Other than the time of year, the number of sets performed for each exercise is often influenced by several extraneous factors.
Some weight rooms have a limited amount of equipment, and thus fewer exercise choices. To alleviate this problem, the coach may choose to include more sets of the exercises dictated by this equipment handicap. This is fine, as long as the program is balanced and comprehensive, as mentioned earlier.
Personal preference also plays a role, as many coaches have a favorite roster of lifts and believe in performing multiple sets of each. Often, this thinking is a product of past experiences and what has proven to be successful over the years.
Athletes, as well, will have special training preferences. They simply enjoy performing more sets of certain exercises. We admire an individual’s willingness to work, and we will respect his personal needs as long as the essentials of our program are kept intact.
Regardless of these or any other circumstances,however, it is still necessary to use good judgement when drawing-up the workouts.
Selye and Stress
Dr. Hans Selye has taught us that the body has a limited ability to recover from exercise. In 1956, he proposed a three-stage process known as the General Adaptation Syndrome (G.A.S.), which is a widely accepted strength training tenet.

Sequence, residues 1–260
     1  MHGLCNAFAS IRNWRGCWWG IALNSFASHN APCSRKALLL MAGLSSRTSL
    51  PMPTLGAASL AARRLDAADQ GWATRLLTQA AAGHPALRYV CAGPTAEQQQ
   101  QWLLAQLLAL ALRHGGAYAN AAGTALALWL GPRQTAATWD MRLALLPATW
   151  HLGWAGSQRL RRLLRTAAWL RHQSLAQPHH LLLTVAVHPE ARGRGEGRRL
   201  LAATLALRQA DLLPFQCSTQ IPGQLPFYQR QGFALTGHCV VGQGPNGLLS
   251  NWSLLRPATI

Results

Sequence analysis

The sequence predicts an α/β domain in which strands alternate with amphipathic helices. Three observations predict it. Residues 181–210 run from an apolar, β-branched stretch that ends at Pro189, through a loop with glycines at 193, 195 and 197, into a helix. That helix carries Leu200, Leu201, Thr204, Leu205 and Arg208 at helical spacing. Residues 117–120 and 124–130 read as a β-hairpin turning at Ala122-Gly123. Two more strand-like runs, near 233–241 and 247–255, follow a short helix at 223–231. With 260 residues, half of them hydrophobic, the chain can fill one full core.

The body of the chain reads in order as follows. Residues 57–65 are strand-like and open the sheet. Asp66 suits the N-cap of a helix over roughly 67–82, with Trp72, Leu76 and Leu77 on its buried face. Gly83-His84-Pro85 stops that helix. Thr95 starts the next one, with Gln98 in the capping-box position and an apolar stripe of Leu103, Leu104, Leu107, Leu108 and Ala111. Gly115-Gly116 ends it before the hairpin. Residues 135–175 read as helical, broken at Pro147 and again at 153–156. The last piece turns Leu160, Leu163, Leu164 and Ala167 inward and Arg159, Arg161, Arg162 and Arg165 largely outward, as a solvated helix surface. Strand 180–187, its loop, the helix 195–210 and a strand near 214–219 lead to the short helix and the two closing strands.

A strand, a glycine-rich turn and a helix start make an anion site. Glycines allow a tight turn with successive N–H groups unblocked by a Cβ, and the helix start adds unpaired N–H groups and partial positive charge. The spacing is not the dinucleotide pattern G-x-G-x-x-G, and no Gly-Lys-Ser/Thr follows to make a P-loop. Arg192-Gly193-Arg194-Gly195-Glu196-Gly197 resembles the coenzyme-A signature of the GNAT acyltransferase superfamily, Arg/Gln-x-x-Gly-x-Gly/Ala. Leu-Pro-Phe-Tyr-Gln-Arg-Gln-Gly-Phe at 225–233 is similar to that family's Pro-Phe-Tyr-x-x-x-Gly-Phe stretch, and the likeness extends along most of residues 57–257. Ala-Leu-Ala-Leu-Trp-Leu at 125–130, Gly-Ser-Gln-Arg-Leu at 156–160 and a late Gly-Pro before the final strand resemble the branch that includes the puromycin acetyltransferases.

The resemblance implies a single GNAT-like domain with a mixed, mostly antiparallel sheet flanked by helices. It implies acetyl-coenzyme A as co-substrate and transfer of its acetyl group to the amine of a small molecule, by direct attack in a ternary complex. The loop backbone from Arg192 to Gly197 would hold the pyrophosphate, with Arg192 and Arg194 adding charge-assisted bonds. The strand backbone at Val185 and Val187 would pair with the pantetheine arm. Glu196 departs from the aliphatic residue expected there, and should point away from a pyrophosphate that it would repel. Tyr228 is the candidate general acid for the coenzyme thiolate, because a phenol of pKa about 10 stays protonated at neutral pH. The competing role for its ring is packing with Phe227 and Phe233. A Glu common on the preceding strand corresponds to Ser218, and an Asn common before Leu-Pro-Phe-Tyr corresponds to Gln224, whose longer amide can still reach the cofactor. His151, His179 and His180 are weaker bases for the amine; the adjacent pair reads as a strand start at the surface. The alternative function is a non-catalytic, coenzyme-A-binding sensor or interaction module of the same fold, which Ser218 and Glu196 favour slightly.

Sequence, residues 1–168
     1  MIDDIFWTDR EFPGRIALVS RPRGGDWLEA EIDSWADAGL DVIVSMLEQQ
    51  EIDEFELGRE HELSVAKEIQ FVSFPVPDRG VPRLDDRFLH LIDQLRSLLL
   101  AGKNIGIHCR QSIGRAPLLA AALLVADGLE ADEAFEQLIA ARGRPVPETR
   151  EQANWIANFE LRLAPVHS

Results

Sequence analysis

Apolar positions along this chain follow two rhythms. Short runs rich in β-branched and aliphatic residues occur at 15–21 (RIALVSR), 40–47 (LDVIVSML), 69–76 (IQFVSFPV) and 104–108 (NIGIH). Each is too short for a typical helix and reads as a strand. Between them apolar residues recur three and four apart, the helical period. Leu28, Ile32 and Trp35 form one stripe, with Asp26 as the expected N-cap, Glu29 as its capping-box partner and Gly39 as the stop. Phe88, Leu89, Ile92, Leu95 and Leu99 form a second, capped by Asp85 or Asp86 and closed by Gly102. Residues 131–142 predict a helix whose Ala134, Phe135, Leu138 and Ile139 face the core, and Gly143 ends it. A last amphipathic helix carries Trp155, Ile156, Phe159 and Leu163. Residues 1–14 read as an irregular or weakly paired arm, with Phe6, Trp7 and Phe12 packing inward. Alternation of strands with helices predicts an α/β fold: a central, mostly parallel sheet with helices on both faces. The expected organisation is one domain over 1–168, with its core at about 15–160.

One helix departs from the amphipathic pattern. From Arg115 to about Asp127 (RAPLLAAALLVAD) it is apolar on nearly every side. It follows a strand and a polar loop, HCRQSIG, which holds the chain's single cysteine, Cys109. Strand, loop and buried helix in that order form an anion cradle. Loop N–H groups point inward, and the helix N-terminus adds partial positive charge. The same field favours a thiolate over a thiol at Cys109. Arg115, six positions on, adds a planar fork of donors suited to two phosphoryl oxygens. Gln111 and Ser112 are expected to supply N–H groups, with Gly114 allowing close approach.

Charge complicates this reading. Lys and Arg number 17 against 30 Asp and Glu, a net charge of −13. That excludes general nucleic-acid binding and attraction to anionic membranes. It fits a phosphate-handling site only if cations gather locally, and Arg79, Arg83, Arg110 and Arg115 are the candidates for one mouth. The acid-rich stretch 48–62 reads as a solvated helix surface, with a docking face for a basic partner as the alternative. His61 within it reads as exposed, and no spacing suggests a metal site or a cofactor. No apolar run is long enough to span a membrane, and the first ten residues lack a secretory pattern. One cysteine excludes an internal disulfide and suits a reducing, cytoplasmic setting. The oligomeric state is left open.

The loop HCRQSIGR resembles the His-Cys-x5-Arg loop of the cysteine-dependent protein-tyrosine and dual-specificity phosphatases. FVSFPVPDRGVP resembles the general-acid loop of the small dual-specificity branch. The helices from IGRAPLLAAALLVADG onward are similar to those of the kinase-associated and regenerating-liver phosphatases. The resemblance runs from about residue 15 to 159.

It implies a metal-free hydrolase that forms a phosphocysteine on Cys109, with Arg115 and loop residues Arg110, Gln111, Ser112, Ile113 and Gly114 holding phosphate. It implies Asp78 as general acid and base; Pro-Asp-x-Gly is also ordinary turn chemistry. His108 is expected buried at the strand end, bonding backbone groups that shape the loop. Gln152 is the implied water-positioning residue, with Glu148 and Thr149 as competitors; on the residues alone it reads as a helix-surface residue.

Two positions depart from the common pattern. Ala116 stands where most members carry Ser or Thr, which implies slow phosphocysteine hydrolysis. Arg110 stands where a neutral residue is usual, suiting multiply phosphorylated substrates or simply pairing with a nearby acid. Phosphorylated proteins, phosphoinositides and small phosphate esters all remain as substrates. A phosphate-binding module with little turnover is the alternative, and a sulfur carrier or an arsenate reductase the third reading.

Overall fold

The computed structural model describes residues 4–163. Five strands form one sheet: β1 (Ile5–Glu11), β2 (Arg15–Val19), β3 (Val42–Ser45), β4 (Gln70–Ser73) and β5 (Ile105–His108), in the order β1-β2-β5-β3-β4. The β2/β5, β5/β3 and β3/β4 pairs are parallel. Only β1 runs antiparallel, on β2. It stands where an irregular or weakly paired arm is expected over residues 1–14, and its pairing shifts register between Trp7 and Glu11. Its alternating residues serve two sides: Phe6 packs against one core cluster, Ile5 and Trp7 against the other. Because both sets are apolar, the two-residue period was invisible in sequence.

Initially, there is the physiological stress placed upon the musculature during strength training, which causes a degree of microtrauma. This is followed by compensatory adaptation, a process by which strength and size are increased. This will only occur, however, if attention is paid to proper recovery and nutrition. If the stress is prolonged without respite, or insufficient recovery time is allotted, progress is limited or ceases.
Basically, Dr. Selye is telling us that we must budget our source of energy.
We have seen workouts that prescribe five sets of ten different exercises. That’s fifty total sets!
We’ve heard strength and fitness gurus recommend two or more strength workouts per day.